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NOW WE ARE IN XANADU!!! by Tom Carter

NOW WE ARE IN XANADU!!! by Tom Carter

November 3, 2006
Tom Carter travels to the winter wonderland of Inner Mongolia
HK magazine

In the summer it is a scalding expanse of desert, in the spring verdant grassland; but in the winter, Inner Mongolia is a white kingdom few travelers, beyong the occasional Mongol nomad, brave to enter.

Indeed, the traditionally nomadic lifestyle of the native Mongolian reflects the region’s unforgiving climate. To quote the usually intrepid Lonely Planet guidebook chapter on Inner Mongolia, “…from December to March – forget it!”

Occupying 12% of China’s landmass in a majestic arching slope of over one million kilometers, Inner Mongolia borders 8 other Chinese provinces in addition to the colossal countries of Mongolia and Russia to the north.

Today, Mongolians make up only 17% of the provincial population. And while leather-skinned warriors on armored horseback may no longer pose a threat to the Chinese, the mainland is now seeing a second Mongolian invasion, this time in the form of sand.

The vast Gobi Desert, which already consumes Inner Mongolia’s northwestern border, is dramatically expanding at a rate of 10,000 square kilometers per year and is calculated to turn 40% of the People’s Republic into a veritable wasteland, evinced by the apocalyptic sandstorms from the north that assault Beijing during the summer months

But vacationers to Inner Mongolia (Nei Menggu in Putonghua) need not concern themselves with such things as environmental catastrophes, for in winter the gold sands of the Gobi slowly give way to white as frost slowly veils first the north and then the entire province.

Arriving in the Inner Mongolian capital of Hohhot (pronounced Ho huh ha ta), one finds that it truly is a “Blue City,” as its Mongolian name implies, but with a comparatively modern ambiance nonetheless.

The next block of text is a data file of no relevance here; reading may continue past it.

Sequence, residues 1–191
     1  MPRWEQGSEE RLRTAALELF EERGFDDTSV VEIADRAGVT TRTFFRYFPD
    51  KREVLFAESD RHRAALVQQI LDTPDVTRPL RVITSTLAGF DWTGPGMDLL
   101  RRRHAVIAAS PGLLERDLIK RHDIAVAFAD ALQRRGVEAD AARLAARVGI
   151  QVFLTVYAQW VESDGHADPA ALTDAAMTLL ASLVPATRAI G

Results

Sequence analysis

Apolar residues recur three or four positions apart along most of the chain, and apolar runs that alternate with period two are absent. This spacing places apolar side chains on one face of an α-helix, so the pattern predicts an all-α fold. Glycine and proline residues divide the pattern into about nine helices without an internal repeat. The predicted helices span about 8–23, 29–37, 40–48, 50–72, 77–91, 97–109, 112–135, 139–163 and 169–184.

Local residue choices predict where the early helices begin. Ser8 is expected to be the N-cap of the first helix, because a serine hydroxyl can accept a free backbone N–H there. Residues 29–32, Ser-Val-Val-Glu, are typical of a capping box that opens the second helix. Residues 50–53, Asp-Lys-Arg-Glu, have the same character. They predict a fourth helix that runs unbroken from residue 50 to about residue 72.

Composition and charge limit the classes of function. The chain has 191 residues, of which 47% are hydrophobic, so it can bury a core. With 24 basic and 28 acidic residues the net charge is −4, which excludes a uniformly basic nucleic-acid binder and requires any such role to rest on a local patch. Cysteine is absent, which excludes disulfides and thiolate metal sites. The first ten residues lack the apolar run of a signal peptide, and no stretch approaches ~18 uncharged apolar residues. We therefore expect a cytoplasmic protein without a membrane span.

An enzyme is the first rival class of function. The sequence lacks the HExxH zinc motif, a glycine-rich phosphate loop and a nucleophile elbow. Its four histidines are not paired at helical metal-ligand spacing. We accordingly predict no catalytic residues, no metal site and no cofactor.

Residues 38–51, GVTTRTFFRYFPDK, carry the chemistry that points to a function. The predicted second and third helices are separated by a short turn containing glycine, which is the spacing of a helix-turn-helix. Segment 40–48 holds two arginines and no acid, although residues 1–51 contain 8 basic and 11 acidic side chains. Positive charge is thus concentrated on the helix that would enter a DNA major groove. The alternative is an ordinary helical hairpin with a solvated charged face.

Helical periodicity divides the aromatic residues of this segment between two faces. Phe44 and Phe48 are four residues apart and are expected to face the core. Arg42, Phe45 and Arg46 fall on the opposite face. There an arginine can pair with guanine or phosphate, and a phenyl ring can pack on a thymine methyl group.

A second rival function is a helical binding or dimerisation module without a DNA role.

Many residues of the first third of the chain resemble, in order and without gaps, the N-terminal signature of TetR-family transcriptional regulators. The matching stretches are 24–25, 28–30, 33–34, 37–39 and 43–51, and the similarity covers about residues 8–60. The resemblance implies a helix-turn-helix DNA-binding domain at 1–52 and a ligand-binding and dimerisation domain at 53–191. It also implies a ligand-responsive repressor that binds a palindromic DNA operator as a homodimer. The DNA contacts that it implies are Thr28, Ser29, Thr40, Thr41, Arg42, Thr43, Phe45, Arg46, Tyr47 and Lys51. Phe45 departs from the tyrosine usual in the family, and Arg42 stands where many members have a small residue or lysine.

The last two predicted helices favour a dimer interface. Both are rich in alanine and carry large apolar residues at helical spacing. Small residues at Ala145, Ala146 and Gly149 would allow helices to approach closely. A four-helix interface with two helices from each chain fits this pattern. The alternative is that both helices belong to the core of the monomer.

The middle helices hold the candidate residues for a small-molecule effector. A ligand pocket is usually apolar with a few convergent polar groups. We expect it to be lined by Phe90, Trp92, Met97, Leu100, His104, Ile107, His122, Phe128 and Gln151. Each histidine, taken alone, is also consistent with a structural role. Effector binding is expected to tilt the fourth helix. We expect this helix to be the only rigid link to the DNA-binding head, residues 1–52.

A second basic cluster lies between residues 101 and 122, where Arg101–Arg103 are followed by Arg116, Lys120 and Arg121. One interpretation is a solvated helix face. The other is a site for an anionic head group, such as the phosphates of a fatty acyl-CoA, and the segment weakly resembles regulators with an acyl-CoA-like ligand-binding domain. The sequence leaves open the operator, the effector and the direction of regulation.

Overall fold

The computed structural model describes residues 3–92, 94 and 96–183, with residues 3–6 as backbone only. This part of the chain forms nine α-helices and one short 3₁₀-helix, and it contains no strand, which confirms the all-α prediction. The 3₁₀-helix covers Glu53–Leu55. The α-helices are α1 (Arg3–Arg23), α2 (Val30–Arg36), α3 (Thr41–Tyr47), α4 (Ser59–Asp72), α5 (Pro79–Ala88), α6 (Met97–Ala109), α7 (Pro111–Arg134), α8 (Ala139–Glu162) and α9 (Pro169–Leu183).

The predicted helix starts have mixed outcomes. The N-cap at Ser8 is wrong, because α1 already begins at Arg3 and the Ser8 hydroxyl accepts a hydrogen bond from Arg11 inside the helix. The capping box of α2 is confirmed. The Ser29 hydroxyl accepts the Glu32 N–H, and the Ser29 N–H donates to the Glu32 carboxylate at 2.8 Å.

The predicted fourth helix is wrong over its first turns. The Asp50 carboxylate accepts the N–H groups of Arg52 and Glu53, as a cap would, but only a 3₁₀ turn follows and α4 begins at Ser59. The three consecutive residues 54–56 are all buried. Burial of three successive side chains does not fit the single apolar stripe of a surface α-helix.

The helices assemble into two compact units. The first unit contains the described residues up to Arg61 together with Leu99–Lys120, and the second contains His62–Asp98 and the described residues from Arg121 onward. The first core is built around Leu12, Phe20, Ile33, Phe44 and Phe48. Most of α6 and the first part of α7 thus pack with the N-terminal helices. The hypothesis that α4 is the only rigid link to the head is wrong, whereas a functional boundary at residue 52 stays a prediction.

The urban skyline falls behind the horizon as our journey via steam train progresses across the frozen plateau to the more rustic northeast. Following electrical lines from village to village, the train’s ice-trimmed windows reveal an otherwise barren countryside dotted with red brick homes stacked with chimneys continuously exhaling their coal smoke.

This is the pastoral life of Mongolian miners, farmers and shepherds hibernating for the winter, nary a sole outside save the occasional caravan of camels led through the snowy waste by men as furry and indistinguishable as their charge.

The flatlands give way to hills of white birch and sinuous rivers of blue ice. Veering north, the train then burrows into the Greater Khingan mountain range, which forms a natural provincial border separating Inner Mongolia from the plains of Manchuria to the east.

Passing frozen Hulan Hu, China’s fifth largest lake, and the Hulunbuir grasslands (now blanketed in snow), it comes as a pleasant shock to discover that the busiest land port of entry in the mainland is located here in the far reaches of Inner Mongolia. The Manzhouli crossroads, situated directly on the borders of China, Mongolia and Russia and the Trans-Siberian Railway, is a fascinating fusion of northeastern cultures.